Article

12 First Time Home Buyer Mistakes to Avoid

Posted by Jessica Akright on Jul 14, 2016 05:00:00 AM

Topic: ALL

Husband and wife with their dog sitting on the couch

Working with a trustworthy, experienced lender can help prevent many first time home buyer mistakes, but it’s up to you to understand the process, set a budget, and pay attention to details.

These are our top 12 mistakes new home buyers should try to avoid:

  1. Not deciding if renting is smarter.  The many home buying fees, in addition to maintenance, insurance, taxes and more could make it smarter to rent until you’re in a better position financially.  This calculator can help you compare renting to owning.

  2. Underestimating homeownership costs.  Maintenance, repairs, and taxes take many homeowners by surprise. And, those costs tend to go up, not down over time.

  3. Using only income to decide how much house you can afford.  Your fixed expenses, from student and car loans, utilities, insurance, food, and childcare also need to be considered. Don’t forget about unforeseen future expenses such as a medical emergency or having a child.  

  4. Not willing to wait.  First time homebuyers often have their eye on a dream home that’s beyond their budget. But it may be smarter to start small and slowly move up to a bigger home or a better neighborhood as income increase and you build equity.

  5. Not getting pre-approved.  Don’t wait until you’re ready to start house hunting before contacting a lender. When you go to get pre-approved, you may discover you need to save more, supplement your income, or clean up credit problems first.  

  6. Not knowing your credit score.  Borrowers with the highest scores get the lowest rates and fees, which can save a bundle. Check your score annually. You can raise your score by reporting errors and improving how you manage bills and credit cards.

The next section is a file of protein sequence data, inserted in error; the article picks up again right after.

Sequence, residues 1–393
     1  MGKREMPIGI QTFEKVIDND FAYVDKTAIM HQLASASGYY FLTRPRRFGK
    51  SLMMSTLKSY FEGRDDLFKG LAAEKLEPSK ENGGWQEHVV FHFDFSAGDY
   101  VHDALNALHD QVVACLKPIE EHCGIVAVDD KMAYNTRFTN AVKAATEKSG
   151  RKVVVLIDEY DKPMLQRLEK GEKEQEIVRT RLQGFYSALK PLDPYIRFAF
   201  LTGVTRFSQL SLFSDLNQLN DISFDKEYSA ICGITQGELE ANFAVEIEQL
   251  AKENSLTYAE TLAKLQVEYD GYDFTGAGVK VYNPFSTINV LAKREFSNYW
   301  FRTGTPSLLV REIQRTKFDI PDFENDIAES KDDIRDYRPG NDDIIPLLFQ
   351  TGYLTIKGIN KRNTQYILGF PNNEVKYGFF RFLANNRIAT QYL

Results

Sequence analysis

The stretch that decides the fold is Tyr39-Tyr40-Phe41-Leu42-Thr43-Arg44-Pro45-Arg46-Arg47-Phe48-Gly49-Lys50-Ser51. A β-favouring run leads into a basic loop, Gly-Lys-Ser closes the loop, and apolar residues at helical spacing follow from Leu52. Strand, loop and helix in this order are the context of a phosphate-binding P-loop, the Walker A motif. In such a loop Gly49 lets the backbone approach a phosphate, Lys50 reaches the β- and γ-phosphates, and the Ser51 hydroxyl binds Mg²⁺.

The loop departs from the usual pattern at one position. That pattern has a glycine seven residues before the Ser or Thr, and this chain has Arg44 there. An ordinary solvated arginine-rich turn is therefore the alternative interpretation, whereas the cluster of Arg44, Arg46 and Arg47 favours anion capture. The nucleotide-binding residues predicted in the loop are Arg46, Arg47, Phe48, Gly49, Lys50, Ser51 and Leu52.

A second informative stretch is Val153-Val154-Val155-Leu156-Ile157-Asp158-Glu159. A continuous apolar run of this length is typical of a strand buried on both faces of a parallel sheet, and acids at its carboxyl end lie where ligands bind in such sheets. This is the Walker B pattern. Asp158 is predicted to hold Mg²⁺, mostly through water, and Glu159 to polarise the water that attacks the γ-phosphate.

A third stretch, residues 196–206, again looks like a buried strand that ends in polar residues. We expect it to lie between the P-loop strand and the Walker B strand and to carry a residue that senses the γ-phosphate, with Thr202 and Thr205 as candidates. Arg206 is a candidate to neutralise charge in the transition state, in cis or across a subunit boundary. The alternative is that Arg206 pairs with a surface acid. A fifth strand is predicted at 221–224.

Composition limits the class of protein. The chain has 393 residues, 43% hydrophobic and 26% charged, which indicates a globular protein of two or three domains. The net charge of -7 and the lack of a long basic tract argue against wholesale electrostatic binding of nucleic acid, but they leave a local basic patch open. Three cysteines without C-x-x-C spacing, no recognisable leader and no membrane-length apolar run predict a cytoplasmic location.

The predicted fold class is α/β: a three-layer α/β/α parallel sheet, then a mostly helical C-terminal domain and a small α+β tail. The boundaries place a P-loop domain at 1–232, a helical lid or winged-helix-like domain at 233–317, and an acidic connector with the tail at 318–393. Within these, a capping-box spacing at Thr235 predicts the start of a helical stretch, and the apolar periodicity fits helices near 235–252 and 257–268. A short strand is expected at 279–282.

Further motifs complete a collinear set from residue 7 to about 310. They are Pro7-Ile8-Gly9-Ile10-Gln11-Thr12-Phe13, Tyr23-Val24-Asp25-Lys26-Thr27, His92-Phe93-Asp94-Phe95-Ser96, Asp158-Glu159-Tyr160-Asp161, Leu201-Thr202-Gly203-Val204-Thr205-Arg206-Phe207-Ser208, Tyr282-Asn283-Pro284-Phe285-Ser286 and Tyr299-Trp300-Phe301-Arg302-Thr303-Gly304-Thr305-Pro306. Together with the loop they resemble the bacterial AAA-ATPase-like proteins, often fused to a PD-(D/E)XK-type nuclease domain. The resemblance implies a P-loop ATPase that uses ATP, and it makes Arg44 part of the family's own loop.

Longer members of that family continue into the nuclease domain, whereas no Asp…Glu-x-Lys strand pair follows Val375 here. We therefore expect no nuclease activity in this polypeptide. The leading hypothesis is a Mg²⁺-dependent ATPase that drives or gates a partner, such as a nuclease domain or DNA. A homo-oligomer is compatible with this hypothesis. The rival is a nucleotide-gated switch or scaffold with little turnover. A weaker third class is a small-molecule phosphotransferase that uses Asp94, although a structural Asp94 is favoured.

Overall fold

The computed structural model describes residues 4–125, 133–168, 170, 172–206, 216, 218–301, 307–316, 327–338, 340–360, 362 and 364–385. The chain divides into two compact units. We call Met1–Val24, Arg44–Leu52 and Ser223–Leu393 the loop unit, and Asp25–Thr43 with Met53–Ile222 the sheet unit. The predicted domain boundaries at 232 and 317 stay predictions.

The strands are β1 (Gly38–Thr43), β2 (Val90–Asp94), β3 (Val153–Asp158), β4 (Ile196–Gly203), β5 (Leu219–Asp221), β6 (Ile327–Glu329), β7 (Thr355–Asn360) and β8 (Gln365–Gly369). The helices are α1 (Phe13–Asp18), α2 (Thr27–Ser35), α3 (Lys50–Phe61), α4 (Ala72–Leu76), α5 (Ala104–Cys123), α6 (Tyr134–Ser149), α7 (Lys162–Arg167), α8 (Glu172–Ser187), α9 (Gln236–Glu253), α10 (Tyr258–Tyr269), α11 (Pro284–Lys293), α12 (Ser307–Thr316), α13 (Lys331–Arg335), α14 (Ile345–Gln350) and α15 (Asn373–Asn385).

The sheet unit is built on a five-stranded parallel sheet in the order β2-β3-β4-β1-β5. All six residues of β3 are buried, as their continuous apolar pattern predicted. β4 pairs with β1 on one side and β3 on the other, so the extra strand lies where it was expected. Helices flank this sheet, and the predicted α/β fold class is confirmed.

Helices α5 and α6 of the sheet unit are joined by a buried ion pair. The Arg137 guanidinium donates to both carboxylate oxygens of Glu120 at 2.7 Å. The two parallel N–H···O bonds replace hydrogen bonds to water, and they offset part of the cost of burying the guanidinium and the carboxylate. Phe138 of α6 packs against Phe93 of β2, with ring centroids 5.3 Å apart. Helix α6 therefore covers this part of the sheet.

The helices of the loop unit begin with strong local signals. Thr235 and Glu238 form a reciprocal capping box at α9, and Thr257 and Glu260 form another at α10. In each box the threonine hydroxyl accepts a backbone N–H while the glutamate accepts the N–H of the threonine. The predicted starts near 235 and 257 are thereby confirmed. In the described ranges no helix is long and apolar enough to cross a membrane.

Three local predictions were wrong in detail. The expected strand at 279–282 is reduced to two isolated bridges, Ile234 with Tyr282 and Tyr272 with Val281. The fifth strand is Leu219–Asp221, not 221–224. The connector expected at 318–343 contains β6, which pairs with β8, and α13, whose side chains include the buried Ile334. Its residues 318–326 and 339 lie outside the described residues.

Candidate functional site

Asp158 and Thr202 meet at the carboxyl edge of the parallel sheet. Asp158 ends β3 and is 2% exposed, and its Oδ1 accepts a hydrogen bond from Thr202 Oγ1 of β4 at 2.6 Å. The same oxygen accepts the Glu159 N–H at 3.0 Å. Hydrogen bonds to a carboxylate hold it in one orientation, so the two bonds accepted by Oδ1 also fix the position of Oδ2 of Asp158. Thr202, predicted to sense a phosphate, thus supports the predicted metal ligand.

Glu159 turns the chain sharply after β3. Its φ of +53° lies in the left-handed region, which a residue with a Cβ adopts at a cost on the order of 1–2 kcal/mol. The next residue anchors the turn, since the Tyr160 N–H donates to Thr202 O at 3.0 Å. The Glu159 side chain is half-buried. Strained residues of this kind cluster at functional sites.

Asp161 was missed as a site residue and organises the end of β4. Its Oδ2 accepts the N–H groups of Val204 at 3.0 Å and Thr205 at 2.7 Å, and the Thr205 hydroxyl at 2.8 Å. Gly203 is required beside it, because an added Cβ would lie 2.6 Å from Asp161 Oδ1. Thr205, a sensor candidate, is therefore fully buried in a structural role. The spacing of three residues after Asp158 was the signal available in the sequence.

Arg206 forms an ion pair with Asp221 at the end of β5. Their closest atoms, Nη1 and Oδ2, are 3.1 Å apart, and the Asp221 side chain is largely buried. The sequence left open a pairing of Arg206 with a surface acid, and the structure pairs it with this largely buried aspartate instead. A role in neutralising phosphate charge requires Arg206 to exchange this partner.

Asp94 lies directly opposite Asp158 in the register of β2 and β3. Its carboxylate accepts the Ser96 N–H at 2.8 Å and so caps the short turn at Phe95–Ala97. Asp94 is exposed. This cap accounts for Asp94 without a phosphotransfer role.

7. Choosing the wrong mortgage.  Research your financing options. A 30-year fixed-rate mortgage is typical for new buyers, but other options may make more sense for your situation. If you’ll be relocated in a few years, an adjustable-rate mortgage could be a better choice.  If you’re older, a shorter term with higher payments will have you mortgage-free by retirement. Your Loan Officer can help you better understand your options.

  8. Skipping the home inspection. Don’t try to save money by skipping this important step.  A qualified inspector can identify issues that may need repair or replacement now or in the near future so you can negotiate with the seller. Ask friends, family, your realtor, or lender for recommendations look for listed inspectors on the sites of their professional associations.

  9. Assuming foreclosures are always great deals.  Just because a previous owner owed $250,000 on a house before the bank foreclosed doesn’t mean it’s worth that now. What are other homes in the neighborhood selling for? Has the home been vandalized or not maintained? High repair costs may not be recovered when you sell.  

  10. Failing to include a contingency clause.  A home inspection contingency in your purchase offer allows you to back out if you cannot successfully negotiate a remedy with the seller for identified problems.A financing contingency protects you if you lose your job and the loan falls through or the appraisal comes in over the purchase price.

  11. Relying on online home values and descriptions. A good realtor can give you recent selling prices of comparable homes so you don’t lose a deal with too low an offer. Drive past homes and through neighborhoods on different days and times. Is the yard sunny enough for a garden? A nearby highway too noisy? Streets safe for kids? Neighborhood full of barking dogs?  Do your research.

  12. Not being flexible. In a competitive market, see potential in a property that might not meet all your criteria. Arguing over minor details like easy-to-change decorating could cause the owner to sell to someone who loves the house more. Be willing to compromise so you can take advantage of an otherwise great opportunity.

An experienced Loan Officer can help you avoid many of these mistakes and demystify the lending process. To get you started in the right direction, we’ve prepared a few tips to help you better understand the mortgage process